Nursery Admissions Under EWS Category New Delhiby TheSchoolPost Nursery Admissions Nursery Admissions Delhi NCR
In a bid to make the nursery admission process more transparent this year, especially for applicants from economically weaker sections (EWS), Delhi Chief Minister Arvind Kejriwal on Sunday said his government will henceforth decide on all school admissions made under the category.
As per the Right to Education Act, 25 per cent of the total number of seats at private schools must be reserved for EWS applicants. Referring to the online mode of application under the EWS quota, where parents can list schools in descending order of preference, Mr. Kejriwal said: “All online applications for admissions under the EWS quota will henceforth be reviewed by the government’s Education Department and private schools will no longer have a say in such matters.”
The Chief Minister and his deputy Manish Sisodia were addressing parents at the NDMC convention centre over the issue of his government’s decision to scrap management quota across private schools and making the admission process more streamlined from this year onwards.
Mr. Kejriwal lamented the fact that people often come to his office with “school admission” related-requests.
“It’s really unfortunate that a natural right like school admission has to be taken up with a Chief Minister,” he noted.
He said the scrapping of management quota for nursery admissions in private schools has thrown open 50 per cent extra seats for the common man, and added that his government had no intention of “interfering” with the daily affairs of the school.
The Chief Minister also said the Delhi government will “think” about online admissions for the 75 per cent open seats next year.
“The Delhi government has made school admissions totally transparent. Scrapping management quota, which were used to oblige recommendations of politicians, government functionaries and powerful people, has opened nearly 50 per cent extra seats for the common man,” Mr. Kejriwal said, while interacting with parents seeking admissions for their wards.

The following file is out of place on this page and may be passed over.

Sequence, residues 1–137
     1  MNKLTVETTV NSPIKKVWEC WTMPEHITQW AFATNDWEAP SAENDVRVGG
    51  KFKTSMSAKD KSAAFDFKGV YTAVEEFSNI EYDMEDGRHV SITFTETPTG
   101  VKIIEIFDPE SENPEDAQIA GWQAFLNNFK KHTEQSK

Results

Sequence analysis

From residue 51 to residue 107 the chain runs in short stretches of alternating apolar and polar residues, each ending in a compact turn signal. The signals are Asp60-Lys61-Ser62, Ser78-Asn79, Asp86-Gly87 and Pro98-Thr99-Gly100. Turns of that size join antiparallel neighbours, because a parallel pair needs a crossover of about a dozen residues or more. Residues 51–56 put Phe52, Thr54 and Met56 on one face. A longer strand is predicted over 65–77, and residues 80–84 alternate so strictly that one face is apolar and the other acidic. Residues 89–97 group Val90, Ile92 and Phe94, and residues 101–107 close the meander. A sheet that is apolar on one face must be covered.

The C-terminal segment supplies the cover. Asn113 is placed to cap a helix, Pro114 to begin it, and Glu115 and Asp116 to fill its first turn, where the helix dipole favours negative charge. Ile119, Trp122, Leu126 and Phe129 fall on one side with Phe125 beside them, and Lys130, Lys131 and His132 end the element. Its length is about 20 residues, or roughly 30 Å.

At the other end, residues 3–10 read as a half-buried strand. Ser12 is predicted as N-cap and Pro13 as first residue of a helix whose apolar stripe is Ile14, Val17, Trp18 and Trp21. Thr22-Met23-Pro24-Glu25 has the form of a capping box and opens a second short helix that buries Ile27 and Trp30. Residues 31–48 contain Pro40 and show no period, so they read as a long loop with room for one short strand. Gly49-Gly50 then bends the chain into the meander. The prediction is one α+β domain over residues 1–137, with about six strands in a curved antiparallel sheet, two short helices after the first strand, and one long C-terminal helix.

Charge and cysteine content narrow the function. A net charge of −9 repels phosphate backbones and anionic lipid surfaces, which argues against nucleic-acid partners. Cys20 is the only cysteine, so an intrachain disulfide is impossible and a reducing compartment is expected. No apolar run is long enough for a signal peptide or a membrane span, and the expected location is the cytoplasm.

Mr. Sisodia said his government will no longer allow schools to run like “teaching shops”.
In a stern message against commercialisation of education, the Deputy Chief Minister asked private schools to strictly follow the guidelines for admissions under the standalone EWS quota.
However, Mr. Kejriwal sounded rather mindful of the ground reality in Delhi’s government-run schools. Although hopeful that his government will add activities that were previously the exclusive domain of private schools, he said it will take nearly two years for his government to improve the existing system.
“Major changes in government schools may take some time. But I’m sure that two years down the line, most parents will prefer to admit their wards in government schools,” he added.
Further, Mr. Kejriwal touched upon an array of healthcare-related works that his government intends to deliver by 2016. “This year, we have planned to improve health services across all State hospitals, where certain medicines and other consumables will be provided free of cost to patients.”
(The author is an intern with The Hindu )
Kejriwal said the scrapping of management quota for nursery admissions has thrown open 50 per cent extra seats for the common man
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